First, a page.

Look at the raw performance figures and you’re unlikely to be bowled over with pure excitement. Even though the TF weights a reasonably lithe 1185kg and has 134bhp and 122lb ft to propel it, we are not talking about a car that can accelerate its way into the record books.
Zero to 60mph takes 8.5sec – more than a second slower than we recorded for the lighter 140bhp VVC-engined MGF back in the day – while the 25.5sec 0-100mph time also seems so-so compared with the opposition. Flat out, we managed 124.8mph, nicely in line with the claimed 124mph, but still a little shy of the Mazda MX-5.
That’s the bad news. The good news is that, subjectively, the TF feels an awful lot more lively than its basic numbers would suggest. Throttle response from the 1.8-litre engine is mustard keen without ever feeling neurotic; you can drive the TF smoothly, in other words, without requiring the dexterity of a ballet dancer on the pedals.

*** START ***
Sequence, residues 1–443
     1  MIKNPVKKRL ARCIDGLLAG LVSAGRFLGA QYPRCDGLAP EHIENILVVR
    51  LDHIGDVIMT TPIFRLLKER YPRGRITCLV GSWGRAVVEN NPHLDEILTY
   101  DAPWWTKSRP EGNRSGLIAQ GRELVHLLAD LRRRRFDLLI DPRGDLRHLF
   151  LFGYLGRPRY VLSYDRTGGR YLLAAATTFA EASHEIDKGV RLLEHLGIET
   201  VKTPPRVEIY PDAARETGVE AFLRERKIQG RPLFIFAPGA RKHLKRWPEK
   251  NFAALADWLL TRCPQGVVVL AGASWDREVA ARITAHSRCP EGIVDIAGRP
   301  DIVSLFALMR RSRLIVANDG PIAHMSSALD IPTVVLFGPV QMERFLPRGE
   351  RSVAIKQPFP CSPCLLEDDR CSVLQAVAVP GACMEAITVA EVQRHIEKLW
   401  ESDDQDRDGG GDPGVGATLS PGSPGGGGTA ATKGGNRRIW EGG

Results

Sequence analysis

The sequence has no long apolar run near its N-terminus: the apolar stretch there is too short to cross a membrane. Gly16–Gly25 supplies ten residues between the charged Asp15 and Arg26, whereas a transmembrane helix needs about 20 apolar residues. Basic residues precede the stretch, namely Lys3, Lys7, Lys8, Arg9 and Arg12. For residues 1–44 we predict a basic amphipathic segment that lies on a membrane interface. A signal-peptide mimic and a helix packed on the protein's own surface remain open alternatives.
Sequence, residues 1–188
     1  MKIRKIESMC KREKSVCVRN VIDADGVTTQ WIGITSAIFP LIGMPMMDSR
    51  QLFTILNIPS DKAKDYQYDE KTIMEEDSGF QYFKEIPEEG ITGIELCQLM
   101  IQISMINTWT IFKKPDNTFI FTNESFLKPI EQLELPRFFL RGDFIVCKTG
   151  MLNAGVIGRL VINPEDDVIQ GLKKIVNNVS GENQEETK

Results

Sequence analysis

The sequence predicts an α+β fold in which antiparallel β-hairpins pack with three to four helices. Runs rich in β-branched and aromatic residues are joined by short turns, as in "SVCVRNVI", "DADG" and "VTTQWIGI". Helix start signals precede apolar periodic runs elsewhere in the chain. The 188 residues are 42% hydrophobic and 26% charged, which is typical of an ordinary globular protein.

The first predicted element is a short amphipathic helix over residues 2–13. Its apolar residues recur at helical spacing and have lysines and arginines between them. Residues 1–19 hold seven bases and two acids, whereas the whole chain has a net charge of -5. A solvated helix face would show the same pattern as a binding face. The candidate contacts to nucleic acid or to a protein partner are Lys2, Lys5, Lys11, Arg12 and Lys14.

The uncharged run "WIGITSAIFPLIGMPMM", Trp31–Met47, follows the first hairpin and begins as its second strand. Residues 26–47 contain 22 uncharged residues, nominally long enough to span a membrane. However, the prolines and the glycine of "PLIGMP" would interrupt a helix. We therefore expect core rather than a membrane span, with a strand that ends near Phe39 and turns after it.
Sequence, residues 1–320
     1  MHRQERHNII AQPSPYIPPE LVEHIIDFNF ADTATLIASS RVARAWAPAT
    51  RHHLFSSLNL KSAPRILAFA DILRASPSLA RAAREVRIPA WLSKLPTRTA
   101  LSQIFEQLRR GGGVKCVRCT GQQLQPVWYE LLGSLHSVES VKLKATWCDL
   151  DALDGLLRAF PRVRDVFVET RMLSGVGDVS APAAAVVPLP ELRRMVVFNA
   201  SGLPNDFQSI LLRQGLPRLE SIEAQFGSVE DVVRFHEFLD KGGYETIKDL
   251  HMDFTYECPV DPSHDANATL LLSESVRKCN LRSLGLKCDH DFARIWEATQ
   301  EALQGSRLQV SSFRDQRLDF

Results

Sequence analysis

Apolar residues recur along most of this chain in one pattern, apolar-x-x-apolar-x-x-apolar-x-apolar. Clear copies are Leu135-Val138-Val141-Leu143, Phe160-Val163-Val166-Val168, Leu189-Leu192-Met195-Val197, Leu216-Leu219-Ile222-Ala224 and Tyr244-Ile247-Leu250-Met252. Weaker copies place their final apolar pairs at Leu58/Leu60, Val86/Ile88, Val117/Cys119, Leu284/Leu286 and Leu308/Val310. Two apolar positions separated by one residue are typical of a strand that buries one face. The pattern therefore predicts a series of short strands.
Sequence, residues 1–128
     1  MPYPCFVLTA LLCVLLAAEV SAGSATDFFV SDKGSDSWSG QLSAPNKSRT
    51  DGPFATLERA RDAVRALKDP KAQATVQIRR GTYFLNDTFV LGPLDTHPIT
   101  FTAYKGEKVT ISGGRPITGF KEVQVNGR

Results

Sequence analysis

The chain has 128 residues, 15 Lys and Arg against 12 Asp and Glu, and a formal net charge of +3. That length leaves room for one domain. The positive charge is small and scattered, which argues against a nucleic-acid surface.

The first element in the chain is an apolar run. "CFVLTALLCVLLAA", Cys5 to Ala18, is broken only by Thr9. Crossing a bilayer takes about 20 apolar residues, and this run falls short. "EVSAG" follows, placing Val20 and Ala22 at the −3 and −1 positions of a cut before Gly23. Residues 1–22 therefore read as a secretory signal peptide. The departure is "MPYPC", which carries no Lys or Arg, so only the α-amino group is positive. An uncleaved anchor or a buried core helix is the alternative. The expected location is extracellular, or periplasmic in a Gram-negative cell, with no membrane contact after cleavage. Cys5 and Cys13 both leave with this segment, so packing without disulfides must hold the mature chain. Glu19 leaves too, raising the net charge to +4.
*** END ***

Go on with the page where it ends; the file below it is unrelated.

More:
The engine also has a hearty appetite for revs and sounds just as happy at 6500rpm as it does at 2000rpm. The difference is that it delivers a lot more sparkle at high revs than it does in the mid-range; thank the high power peak and relative shortage of torque for that.
Accessing the TF’s performance is good fun and easy by-and-large, thanks to a light and pleasingly slick five-speed gearbox and a cluster of pedals that are unusually well weighted. Occasionally the test car wasn’t so keen to select reverse, though – not a good sign considering how young the gearbox was. We’ll give NAC the benefit of the doubt and presume that it isn’t a typical problem.